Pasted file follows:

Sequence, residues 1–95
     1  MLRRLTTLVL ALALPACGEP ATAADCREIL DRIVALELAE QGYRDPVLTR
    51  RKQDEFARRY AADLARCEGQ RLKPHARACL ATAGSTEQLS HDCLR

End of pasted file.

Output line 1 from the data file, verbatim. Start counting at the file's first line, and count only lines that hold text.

Sequence, residues 1–95